Hot Vanilla Tofu Pudding with Strawberry-Rhubarb Compote

You may not believe it, but this low FODMAP pudding was created as a side spoil of my quest for tofu cheesecake. I’ve had a craving for cheesecake for a good few months now, and really wanted to try my hand at a tofu version. You see, there is a vegan place on Oxford Road in Manchester (the English one) called the Eight Day Cafe and their tofu cheesecake with raspberry sauce is to die for… I wanted it. Since plane tickets to the UK are a tad pricey, I figured I’d make my own. Having perused the internet, I thought I had a pretty good grasp on the recipe, and believed it would be short, sweet and simple. Right…

The whole plan went askew at the very beginning, when I decided to freeze/thaw firm tofu and then squeeze out all liquid in order to obtain a more solid consistency. This is a common trick in vegan cooking, but perhaps not one to be used for a cheesecake – no matter how hard I was trying to blend tofu with almond milk, it just wouldn’t budge. I ended up with a curdy-looking slosh that definitely would not have rendered the cheesecake of my dreams… but boy, did it taste good! The slosh had potential. So, undeterred by the cheesecake plan flop, I boldly went ahead and concocted a bombastic low FODMAP pudding, if I may immodestly call it such. It’s warm, it’s gooey, it’s deliciously smooth (no, it’s not Superman)… and on the nutritional side, it’s low in fat, cholesterol-free and one serving provides five grams protein! What’s not to like?


Hot Vanilla Tofu Pudding with Strawberry-Rhubarb Sauce

(Yield: 6 portions, preparation: 15 minutes, total time: 1 hour, difficulty: easy)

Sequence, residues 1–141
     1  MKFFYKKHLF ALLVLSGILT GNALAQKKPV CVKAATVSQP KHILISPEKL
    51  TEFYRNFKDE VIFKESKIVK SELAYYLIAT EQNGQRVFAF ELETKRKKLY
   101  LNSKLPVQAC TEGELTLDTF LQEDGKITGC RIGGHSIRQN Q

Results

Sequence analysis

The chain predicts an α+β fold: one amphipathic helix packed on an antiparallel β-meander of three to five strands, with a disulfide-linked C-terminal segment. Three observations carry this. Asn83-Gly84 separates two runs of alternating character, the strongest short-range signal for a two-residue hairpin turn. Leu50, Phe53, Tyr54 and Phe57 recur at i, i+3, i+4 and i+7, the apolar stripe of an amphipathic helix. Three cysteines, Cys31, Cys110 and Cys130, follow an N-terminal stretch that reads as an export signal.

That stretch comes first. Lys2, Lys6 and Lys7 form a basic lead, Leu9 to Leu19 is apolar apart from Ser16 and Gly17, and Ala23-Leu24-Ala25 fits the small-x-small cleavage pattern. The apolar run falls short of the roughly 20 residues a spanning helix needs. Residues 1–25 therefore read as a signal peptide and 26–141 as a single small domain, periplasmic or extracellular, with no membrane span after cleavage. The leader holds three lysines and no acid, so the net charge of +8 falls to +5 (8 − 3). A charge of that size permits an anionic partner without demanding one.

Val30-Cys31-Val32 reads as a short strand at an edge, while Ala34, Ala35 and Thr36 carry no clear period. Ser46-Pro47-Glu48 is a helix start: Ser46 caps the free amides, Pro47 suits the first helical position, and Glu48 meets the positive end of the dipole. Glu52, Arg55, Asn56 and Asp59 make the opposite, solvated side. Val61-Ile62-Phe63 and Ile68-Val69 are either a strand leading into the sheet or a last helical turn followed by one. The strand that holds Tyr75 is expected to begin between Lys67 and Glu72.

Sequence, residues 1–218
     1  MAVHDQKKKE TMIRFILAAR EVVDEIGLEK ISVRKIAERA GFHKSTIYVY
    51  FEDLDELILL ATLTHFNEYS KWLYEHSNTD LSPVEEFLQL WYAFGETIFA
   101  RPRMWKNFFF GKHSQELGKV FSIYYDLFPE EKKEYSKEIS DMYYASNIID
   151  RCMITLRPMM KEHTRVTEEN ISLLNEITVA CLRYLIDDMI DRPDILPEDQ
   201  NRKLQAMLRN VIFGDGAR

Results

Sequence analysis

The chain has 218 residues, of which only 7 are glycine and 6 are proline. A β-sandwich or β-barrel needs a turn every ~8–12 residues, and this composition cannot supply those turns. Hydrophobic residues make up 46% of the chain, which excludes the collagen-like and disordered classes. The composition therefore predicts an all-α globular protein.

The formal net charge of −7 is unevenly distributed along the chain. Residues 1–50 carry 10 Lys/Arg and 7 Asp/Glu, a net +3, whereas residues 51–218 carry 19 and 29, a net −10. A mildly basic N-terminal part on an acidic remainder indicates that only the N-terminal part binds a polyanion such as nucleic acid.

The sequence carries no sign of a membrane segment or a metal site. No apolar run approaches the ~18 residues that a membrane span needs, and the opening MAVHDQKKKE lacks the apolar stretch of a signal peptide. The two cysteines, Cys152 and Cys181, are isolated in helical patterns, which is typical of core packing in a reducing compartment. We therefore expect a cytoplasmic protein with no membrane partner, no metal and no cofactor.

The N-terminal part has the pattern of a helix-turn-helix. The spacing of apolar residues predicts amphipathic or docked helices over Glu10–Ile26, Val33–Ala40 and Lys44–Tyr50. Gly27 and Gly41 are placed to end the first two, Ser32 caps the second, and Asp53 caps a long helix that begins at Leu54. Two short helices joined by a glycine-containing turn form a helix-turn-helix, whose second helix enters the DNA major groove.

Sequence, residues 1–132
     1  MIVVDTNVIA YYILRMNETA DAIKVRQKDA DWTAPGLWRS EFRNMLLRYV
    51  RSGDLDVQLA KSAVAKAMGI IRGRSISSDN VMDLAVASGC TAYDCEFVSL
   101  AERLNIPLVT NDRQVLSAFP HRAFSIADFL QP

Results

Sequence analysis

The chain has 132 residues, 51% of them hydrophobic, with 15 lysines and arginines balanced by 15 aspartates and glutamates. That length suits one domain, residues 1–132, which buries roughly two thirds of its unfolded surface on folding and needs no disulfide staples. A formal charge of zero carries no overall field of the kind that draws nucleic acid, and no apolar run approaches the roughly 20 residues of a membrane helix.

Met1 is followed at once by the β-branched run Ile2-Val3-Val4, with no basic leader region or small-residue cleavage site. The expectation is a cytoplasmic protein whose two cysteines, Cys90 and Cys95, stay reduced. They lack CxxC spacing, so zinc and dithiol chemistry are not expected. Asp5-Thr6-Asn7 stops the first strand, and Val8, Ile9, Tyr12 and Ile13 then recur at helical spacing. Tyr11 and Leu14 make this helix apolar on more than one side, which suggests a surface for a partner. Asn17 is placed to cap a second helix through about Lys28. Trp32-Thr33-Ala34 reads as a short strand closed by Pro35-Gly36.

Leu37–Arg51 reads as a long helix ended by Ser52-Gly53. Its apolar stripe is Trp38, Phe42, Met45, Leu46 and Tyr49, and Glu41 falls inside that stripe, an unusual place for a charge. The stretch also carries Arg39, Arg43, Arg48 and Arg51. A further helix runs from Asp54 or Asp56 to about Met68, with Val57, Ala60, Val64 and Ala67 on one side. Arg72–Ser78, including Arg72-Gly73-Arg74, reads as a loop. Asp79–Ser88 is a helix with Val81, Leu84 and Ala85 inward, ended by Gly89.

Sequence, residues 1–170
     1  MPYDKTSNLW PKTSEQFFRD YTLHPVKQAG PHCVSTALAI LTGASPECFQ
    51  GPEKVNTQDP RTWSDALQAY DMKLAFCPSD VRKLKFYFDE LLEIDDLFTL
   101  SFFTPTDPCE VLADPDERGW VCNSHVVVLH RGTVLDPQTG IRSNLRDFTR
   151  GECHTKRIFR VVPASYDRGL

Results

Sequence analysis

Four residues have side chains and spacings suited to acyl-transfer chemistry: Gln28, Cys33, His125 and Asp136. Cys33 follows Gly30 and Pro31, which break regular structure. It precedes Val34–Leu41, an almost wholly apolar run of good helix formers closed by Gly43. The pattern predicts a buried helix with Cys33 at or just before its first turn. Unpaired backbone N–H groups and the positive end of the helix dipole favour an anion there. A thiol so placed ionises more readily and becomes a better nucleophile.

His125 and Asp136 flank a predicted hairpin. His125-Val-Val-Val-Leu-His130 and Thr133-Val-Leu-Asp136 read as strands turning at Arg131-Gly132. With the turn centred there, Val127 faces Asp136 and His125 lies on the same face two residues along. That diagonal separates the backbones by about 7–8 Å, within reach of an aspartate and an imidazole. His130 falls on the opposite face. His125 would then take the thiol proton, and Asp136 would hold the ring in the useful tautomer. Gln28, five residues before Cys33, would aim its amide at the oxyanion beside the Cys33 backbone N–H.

• 14 ounces tofu (soft or firm – make sure it’s fermented) – see below
  • 2/3 cup sugar
  • 3/4 cup rice four or tapioca starch – see below
  • 1 cup milk
  • 1 teaspoon baking powder
  • 1 tablespoon vanilla extract
  • 12 ounces strawberries
  • 2 stalks rhubarb
  • 1/4 cup sugar
  • 1/4 cup of water

Here’s the deal with two types of tofu and two types of flour: first, I tried very firm tofu (which I additionally froze/thawed) and rice flour, and then, a block of soft tofu and tapioca starch. The former option gave a much heartier pudding, a little on the (pleasantly) stodgy side and with a fine chalkiness of the rice. The latter resulted in a lighter, smoother version which rose and fell almost like a souffle. Pick your own, or best – try both!


The directions are deviously simple. Blend everything but the last four ingredients with an immersion blender or food processor till smooth. Grease six half-cup ramekins, divide the batter between them and bake at 360 degrees Fahrenheit (180 degrees Celsius) for 35 minutes. Increase the temperature to 385 degrees Fahrenheit (195 degrees Celsius) and bake for a further 10-15 minutes, till the tops start browning. Remove from the oven and let cool for a few minutes before serving.

While the puddings are baking, peel the rhubarb stalks and chop into half-inch pieces. Place them in a small saucepan together with strawberries, 1/4 cup of sugar and 1/4 cup of water and bring to a low boil. Simmer for 30 minutes, stirring occasionally. Blend the fruit to obtain a smooth sauce, or leave it in chunks – whatever you prefer.


When ready to enjoy, spoon the sauce over the pudding and serve warm. They freeze exceptionally well – if your puddings come out like mine, with a little dip in the middle, pour the sauce in and freeze everything together. To decrease the sugar load, or simply for variety, try them with fresh fruit and lactose-free yogurt; if sugar is not a concern, these are divine with maple syrup. I’m pretty sure I know what will feature in next year’s Christmas menu…


  1. These look great! Will have to try them sometime soon.

    • odrowaz says:

      Thanks, Nataliya – let me know how it goes! I’m currently wondering how to make them creamier… perhaps some lactose-free milk? Will post updates as I go!

  2. Serena says:

    This site was… how do you say it? Relevant!! Finally
    I’ve found something which helpled me. Many thanks!

    • odrowaz says:

      Glad the website is useful, Serena – hope the low FODMAP approach keeps working for you!

    • Carlos says:

      I just started in on the low FODMAP baawongdn after deciding that enough was enough with my constant digestive issues. I’m on the elimination phase right now, and I was just thinking about how much I’d like to find a suitable muffin recipe.Problem solved! Thanks for sharing.

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